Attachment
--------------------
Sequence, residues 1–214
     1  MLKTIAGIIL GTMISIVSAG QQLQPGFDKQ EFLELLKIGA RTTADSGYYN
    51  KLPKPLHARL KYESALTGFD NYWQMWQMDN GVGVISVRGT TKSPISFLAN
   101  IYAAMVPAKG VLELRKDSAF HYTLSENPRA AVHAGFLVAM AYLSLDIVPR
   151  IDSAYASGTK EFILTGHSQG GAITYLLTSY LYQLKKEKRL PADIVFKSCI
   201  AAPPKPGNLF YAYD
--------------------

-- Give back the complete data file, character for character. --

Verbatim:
Sequence, residues 1–214
     1  MLKTIAGIIL GTMISIVSAG QQLQPGFDKQ EFLELLKIGA RTTADSGYYN
    51  KLPKPLHARL KYESALTGFD NYWQMWQMDN GVGVISVRGT TKSPISFLAN
   101  IYAAMVPAKG VLELRKDSAF HYTLSENPRA AVHAGFLVAM AYLSLDIVPR
   151  IDSAYASGTK EFILTGHSQG GAITYLLTSY LYQLKKEKRL PADIVFKSCI
   201  AAPPKPGNLF YAYD